Shooting: "Where do I check in my gun please?"

LONDON Wed Aug 1, 2012 6:40am EDT

Czech Republic's Jakub Tomecek takes aim during the skeet men's qualification round at the Royal Artillery Barracks during the London 2012 Olympic Games July 30, 2012. REUTERS/Cathal McNaughton

Czech Republic's Jakub Tomecek takes aim during the skeet men's qualification round at the Royal Artillery Barracks during the London 2012 Olympic Games July 30, 2012.

Credit: Reuters/Cathal McNaughton

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LONDON (Reuters) - Usain Bolt remembered his running spikes and vest, Michael Phelps had no trouble with his goggles and trunks but, for world class shooters at the London Olympics, packing isn't so easy.

A heap of paperwork is required at gun clubs and airports and a special license is needed to bring a weapon to London.

Shooters are often the first to check-in for flights.

"At the airport we must give our guns to the police and the next time we see the guns are on the range because there is a big security issue because of terrorism," Czech skeet shooter Jakub Tomecek told Reuters, his gun slung over his shoulders.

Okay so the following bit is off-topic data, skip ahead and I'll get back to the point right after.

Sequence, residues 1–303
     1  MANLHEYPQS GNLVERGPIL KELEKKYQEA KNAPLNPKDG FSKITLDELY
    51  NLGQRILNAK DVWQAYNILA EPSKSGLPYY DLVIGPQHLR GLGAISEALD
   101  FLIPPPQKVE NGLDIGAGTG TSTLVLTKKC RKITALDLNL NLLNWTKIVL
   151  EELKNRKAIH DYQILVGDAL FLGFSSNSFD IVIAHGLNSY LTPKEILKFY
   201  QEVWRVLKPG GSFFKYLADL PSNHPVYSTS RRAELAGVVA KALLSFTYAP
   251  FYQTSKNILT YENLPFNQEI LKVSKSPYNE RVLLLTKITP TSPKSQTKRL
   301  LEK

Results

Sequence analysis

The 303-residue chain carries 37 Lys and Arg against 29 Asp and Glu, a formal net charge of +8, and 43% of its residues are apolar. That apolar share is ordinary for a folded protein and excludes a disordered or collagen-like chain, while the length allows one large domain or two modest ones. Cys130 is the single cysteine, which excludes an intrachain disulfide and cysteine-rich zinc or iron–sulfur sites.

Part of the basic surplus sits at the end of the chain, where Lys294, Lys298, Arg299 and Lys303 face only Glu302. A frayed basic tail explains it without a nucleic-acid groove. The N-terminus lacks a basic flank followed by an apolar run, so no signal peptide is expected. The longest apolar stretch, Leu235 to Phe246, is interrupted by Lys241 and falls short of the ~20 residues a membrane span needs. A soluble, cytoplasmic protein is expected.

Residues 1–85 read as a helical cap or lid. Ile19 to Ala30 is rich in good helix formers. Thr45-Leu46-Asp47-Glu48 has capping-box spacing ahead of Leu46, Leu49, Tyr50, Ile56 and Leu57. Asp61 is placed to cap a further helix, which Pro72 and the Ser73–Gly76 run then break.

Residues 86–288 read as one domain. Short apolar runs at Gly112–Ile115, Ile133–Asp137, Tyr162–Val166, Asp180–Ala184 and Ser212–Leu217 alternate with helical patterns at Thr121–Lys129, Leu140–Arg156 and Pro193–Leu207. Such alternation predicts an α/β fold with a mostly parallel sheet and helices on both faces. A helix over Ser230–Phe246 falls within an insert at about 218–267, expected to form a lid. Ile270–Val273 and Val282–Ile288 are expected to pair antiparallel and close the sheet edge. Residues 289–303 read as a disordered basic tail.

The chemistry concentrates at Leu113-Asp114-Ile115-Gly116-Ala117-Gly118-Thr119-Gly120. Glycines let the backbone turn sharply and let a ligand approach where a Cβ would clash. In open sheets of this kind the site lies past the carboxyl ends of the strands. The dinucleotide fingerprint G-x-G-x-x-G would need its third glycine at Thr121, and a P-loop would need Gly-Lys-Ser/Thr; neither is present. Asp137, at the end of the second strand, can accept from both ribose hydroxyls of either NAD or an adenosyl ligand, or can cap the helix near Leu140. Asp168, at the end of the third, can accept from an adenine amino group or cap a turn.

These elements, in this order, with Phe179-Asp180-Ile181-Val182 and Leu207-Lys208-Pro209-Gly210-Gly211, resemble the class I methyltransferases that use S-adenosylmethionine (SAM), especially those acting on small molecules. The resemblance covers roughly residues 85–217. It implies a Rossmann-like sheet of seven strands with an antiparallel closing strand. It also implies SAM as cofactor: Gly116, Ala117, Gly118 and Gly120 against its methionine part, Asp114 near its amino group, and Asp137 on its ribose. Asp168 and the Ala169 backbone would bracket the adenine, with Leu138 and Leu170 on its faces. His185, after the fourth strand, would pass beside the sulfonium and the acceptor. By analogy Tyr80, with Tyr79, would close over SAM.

Anyone who has flown to a city to find their bags didn't make it will understand the state Olympic shooters get in to.

A competition shotgun is not something you'd want to lose. The young Czech's gun cost about 12,000 euros ($14,800) and it also takes some time to get used to a new weapon.

"I have only one gun, you must have the gun for two years and after this time it will be perfect for you," he said.

Shotguns have gone missing before.

"Sometimes they are lost," Spain's Juan Jose Aramburu said. "But normally they aren't lost as this is a gun and if they lost it, it would be a big problem for the airports."

Once the guns arrived in London, they were taken to the armory at the Royal Artillery Barracks and locked in steel cases. The shooters can only access them during events.

After competition, the shooters leave their guns and return to the Olympic Village where Bolt, Phelps and others enjoy the freedom of having all their equipment in their rooms.

"My gun is like any other luggage," Aramburu reasons.

But, like equestrian riders and pole vaulters, this is simply not the case. ($1 = 0.8120 euros)

(Editing by Matt Falloon)

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